1. Protecting the Public Purse

Now that appropriation is complete, there are enough safeguards to ensure that value for money audits are conducted at each procurement stage when the Development Authorities are established and commence their work. The Public Financial Management Act requires processing such as issuance of commencement certificates (which require benchmarking of projected expenditures). The Procurement processes additionally require value for money assessments. The processes for releasing funds at the Finance Ministry since 2017, in strict accordance with the PFMA have been extremely diligent leading to huge savings to the public purse this year, a reason for which government has been accused for not spending enough. The processes will continue to remain extremely disciplined in 2018 and beyond, and are the ones that really determine how safe the public purse is.


  1. Conclusion

Whilst we acknowledge that such public scrutiny, especially of budgets, helps to ensure the protection of the public purse, we would urge, especially media practitioners, to focus on the official final appropriations, as well as what the actual processes are, including the inherent checks and safeguards therein. Sweeping statements and categorizations which are not informed by the actual official processes and amounts, will lead to flawed analysis, which is unhelpful to Ghanaian democracy.

Mustapha Abdul-Hamid
(Minister for Information)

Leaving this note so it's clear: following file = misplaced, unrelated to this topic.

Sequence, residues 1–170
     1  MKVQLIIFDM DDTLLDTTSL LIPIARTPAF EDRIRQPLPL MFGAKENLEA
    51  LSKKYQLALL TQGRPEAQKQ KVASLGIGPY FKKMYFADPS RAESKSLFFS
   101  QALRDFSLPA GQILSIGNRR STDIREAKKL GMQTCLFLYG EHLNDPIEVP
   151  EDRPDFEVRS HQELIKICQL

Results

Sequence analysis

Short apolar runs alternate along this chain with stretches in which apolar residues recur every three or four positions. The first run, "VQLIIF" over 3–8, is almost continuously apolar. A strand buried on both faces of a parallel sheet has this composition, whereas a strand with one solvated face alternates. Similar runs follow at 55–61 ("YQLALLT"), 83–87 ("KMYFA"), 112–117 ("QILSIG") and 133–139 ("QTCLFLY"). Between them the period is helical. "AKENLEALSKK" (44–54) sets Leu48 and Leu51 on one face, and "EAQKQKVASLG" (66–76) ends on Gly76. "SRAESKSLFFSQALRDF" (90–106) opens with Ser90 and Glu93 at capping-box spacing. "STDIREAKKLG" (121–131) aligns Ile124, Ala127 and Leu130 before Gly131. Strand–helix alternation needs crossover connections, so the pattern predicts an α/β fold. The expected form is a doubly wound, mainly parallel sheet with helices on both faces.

African Heads of State at the ongoing Ordinary Session of the Assembly of the African Union in Addis Ababa, Ethiopia, are considering proposals aimed at reforming the continental body, so as to make it more relevant to the needs and aspirations of the African peoples. At a retreat organized by the AU Commission for the Heads of State on Sunday, January 29, 2017, President of the Republic of Rwanda, Paul Kagame, who was tasked by the 27th Ordinary Session of the AU Assembly to lead the latest initiative to reform the continental organization, outlined a raft of initiatives to this end. Describing the AU as a “highly dysfunctional organization”, President Kagame, in his presentation, catalogued a wide-range of problems which have plagued the Union since its inception in July 2002 as the successor to the Organisation of African Unity (OAU) – the body which successfully led Africa's struggle against colonialism and apartheid. According to him, inadequate funding, a bloated AU Commission, a weak Pan-African Parliament, the lack of clear priorities and weak linkages between the AU and the Regional Economic Communities are among the challenges that have impeded the progress of the AU. These problems, he added, are making it difficult for the AU to implement decisions taken at its Summits. Consequently, the AU had become a mere bureaucracy that is largely “divorced” from the African citizenry. To make the AU more effective and efficient, President Paul Kagame proposed the outlining of clear priorities in areas that affect the continent, such as in peace and security, integration and good governance. He also called for a leaner organization that was structured around the priorities of the AU. His report also recommended that ways be found to make decisions taken at Summits binding on member states, without necessarily turning the AU Commission into a bureaucratic dictatorship. Another significant proposal by President Kagame is to give the Chairperson of the AU Commission the authority to appoint his or her own Deputy, so that appointees are more effectively supervised. This implied a review of the Constitutive Act in order to accommodate the structural and legal implications of the proposed reforms. At the end of President Kagame's presentation, it became obvious that what he and his team were calling for was a significant reform of the AU. In the discussions that ensued, all the speakers agreed on the need for reforming the AU, and making it more responsive as well as capable of meeting the aspirations of ordinary Africans. On his part, President Akufo-Addo welcomed the recommendations contained in the President Kagame's report and urged the Assembly to speed up the implementation of the proposals contained in his report. The President recalled that similar discussions had taken place in Accra when Ghana hosted the 9th Ordinary Session of the Assembly, and urged his colleague Heads of State to be genuinely interested and committed to the integration process of the African continent, stressing that unless the challenges facing the continental body are addressed honestly, then the proposed reforms would not make the desired impact.